NBA educates teams, players about AIDS

November 21, 1991|By Newsday

In the wake of Magic Johnson's revelation that he has the virus that causes AIDS, the NBA is moving aggressively to educate teams and players about the disease.

The NBA informed its 27 teams Monday that Dr. David E. Rogers, a Cornell University professor, has been hired as a consultant on AIDS. Rogers is the vice chairman of the National Commission on AIDS. Johnson recently was named to the panel.

"We want to make sure we're fully briefed on all the issues," said NBA senior vice president Gary Bettman. "And we want to make sure the players and team personnel are appropriately educated and counseled on the subject. This is an issue that, like most of society, we needed to be educated on. And when you need to be educated, you get an expert."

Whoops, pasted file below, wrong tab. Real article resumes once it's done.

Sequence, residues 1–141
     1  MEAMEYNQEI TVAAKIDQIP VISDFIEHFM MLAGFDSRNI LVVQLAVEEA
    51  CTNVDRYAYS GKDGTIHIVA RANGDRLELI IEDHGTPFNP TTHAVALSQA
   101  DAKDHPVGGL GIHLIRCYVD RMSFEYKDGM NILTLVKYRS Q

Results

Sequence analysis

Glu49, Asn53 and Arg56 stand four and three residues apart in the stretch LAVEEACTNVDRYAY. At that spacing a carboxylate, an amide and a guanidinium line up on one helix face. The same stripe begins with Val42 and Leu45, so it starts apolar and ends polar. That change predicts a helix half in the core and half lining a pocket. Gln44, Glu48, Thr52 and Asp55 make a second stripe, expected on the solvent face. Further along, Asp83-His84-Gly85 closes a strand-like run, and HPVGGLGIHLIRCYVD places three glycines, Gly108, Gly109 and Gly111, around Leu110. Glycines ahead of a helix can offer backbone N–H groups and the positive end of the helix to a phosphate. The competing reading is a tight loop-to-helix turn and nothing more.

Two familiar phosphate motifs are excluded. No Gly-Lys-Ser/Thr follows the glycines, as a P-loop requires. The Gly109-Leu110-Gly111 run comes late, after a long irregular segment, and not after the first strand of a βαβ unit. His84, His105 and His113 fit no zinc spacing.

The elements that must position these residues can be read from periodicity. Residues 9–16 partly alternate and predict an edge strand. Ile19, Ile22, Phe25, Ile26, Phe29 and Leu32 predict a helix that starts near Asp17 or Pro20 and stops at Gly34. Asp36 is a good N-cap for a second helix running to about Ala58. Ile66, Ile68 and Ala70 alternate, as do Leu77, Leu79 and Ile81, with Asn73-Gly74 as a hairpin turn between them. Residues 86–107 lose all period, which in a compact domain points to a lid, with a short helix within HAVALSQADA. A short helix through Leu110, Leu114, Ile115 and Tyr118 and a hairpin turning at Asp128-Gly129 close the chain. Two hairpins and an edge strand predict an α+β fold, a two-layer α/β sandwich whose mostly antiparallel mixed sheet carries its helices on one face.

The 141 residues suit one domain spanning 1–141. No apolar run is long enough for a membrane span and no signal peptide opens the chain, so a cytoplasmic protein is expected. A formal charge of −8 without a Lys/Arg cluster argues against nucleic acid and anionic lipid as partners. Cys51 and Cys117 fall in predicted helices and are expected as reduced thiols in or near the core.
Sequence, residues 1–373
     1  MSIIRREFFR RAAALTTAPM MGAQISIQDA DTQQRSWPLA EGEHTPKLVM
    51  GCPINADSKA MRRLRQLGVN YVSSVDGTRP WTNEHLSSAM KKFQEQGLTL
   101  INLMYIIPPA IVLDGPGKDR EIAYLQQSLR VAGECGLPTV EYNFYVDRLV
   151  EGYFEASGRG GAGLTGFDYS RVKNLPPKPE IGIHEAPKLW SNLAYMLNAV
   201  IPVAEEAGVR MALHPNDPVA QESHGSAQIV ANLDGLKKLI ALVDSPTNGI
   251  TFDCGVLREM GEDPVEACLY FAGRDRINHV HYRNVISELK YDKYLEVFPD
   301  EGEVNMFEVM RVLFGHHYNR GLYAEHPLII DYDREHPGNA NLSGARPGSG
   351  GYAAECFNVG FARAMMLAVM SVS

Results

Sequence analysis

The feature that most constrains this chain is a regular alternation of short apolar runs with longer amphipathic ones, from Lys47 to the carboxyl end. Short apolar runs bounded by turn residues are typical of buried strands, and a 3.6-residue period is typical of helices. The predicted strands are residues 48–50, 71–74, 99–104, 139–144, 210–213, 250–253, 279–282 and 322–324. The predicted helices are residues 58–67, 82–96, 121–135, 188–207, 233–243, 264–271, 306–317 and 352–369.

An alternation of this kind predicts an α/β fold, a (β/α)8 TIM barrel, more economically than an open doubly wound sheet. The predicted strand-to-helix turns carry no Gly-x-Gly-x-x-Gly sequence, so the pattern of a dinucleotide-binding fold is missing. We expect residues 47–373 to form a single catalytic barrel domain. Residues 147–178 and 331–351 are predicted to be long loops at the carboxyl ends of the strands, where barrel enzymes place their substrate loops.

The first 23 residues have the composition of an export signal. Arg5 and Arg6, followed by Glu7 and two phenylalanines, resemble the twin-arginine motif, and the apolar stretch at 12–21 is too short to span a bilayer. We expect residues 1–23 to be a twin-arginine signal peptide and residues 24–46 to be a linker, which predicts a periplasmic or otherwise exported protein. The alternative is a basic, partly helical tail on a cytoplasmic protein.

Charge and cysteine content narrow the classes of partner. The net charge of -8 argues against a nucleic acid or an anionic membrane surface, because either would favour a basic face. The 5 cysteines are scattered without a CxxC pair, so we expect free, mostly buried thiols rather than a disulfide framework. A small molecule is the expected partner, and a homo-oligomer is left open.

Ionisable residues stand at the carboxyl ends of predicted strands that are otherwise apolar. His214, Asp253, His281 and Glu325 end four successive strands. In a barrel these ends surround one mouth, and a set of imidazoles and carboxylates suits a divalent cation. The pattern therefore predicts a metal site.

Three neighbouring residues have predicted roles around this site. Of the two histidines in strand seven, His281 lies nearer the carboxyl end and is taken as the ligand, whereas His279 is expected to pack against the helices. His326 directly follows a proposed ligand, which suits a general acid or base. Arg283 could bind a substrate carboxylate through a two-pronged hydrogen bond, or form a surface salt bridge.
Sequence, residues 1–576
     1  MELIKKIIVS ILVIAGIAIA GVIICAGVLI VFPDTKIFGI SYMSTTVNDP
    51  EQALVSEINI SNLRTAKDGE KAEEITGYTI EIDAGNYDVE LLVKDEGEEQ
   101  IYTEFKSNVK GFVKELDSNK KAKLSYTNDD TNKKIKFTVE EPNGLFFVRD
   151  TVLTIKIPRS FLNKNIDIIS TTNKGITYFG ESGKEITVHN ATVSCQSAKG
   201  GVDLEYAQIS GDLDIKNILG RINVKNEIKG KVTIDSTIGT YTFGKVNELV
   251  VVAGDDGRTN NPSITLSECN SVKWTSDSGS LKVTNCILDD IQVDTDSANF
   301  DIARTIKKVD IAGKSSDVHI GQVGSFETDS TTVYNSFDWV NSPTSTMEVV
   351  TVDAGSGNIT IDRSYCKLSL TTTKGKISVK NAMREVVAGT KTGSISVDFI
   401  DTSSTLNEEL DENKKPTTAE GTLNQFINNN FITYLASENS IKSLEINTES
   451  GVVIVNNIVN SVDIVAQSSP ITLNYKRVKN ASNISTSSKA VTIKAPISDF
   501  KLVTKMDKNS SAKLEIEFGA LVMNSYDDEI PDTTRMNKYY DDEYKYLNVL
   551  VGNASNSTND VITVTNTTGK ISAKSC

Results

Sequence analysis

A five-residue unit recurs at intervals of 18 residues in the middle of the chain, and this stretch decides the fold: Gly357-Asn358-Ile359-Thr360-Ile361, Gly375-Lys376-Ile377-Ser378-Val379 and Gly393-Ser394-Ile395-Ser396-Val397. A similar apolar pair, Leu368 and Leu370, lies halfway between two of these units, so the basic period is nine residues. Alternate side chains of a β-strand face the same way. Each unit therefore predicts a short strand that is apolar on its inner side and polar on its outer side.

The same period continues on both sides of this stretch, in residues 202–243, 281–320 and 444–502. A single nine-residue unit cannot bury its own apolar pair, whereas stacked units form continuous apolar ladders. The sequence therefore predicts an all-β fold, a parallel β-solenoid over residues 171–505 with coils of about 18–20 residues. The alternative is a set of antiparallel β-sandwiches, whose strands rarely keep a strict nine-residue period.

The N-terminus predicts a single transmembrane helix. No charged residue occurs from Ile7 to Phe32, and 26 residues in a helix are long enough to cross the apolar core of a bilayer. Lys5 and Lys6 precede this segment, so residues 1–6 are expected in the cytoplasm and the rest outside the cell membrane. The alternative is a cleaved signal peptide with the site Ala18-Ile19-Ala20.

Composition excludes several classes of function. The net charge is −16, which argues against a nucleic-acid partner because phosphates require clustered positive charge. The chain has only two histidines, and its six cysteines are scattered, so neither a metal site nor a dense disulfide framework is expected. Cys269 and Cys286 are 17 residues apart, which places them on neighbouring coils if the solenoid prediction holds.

Dr. Rogers also is the chairman of the Governor's Advisory Council of the AIDS Institute of New York and a former dean of the medical facility at Johns Hopkins School of Medicine in Baltimore.

NBA teams also have been told to notify players that the regular 24-hour hot line, manned by personnel connected with the NBA's anti-drug program, also can dispense AIDS information. If a player requests a test, it will be private and confidential. The NBA players association is setting up a voluntary testing program, which it expects to complete in the next two weeks.

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